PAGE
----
Albert then did something that Shane hadn’t expected. The deal was essentially closed, they just required a signed contract from Francine. Instead of getting that signed contract, Albert directed her back toward her rejuvinated husband.
“Why don’t you go visit with your husband for a few minutes while I explain to my friend how I’ll draw up the contract.”
Francine said nothing. She turned away and shuffled toward the back of the house.
Shane was finally free from whatever pretense they had been operating under.
“What the hell was that about?” Shane waved a hand toward where Francine had disappeared. He was whispering, but only barely. “Is the husband in on this with you?”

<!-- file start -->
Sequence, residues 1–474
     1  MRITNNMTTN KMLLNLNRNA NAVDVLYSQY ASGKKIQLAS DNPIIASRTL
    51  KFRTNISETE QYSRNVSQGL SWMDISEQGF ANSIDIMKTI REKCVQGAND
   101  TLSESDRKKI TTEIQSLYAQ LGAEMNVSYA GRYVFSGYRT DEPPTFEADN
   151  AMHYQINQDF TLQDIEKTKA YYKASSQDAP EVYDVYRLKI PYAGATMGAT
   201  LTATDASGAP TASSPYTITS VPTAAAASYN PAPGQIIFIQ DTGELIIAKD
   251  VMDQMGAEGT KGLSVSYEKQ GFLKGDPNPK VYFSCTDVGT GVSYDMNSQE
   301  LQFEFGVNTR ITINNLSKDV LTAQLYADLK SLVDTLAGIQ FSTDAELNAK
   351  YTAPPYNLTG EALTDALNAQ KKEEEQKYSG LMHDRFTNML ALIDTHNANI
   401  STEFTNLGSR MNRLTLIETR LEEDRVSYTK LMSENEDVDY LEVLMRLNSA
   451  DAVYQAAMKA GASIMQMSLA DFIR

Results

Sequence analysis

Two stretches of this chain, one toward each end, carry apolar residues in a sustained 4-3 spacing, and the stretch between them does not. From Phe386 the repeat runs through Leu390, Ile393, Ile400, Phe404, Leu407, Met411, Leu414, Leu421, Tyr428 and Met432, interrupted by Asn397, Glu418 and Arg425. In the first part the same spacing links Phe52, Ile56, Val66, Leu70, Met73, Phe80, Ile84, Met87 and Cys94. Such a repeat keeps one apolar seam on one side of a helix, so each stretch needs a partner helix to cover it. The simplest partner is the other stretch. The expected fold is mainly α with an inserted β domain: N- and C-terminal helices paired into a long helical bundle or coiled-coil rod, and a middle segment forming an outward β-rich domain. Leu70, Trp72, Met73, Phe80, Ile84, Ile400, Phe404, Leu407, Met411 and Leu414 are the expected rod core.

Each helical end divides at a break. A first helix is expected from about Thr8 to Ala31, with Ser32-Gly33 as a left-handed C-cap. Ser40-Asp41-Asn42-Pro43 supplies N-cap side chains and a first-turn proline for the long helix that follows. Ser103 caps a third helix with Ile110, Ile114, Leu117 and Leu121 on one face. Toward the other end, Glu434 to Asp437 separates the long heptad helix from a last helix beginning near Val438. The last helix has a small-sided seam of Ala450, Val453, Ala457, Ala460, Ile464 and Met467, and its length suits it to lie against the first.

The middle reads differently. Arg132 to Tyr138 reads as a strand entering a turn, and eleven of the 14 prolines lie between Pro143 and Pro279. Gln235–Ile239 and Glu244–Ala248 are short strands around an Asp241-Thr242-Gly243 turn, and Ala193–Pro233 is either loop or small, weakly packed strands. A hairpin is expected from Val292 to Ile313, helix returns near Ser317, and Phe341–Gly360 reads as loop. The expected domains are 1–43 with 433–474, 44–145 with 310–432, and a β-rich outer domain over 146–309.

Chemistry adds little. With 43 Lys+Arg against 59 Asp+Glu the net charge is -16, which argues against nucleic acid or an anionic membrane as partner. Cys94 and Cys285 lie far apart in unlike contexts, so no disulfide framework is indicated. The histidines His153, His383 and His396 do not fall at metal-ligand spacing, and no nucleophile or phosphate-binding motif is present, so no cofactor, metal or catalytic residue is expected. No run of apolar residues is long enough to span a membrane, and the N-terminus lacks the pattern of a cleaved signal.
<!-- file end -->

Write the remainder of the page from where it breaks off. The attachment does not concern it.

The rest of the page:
“What? No,” Albert laughed. “Nobody’s ‘in on it’ with me. This is what we do.”
“You trade people for their souls?” Shane wasn’t sure what he believed in, but he certainly wasn’t going to buy whatever Albert was trying to sell him. “You find people who are down on their luck and trade them their souls for whatever they want? Bullshit.”
Albert frowned at Shane’s profanity. “How else do you explain what just happened here?”
“I already told you, the husband is in on it. Obviously, he reached out to you to help him get out of…something. He paid you, and you staged this elaborate mystical intervention to help his wife buy whatever part in it you might have had.”
Albert shook his head. “Souls have intrinsic wish value. Some have more than others, but they all have some value. The idea is to get people to agree to give up their souls for far less than their wish value is worth.”
“Why?” Shane demanded.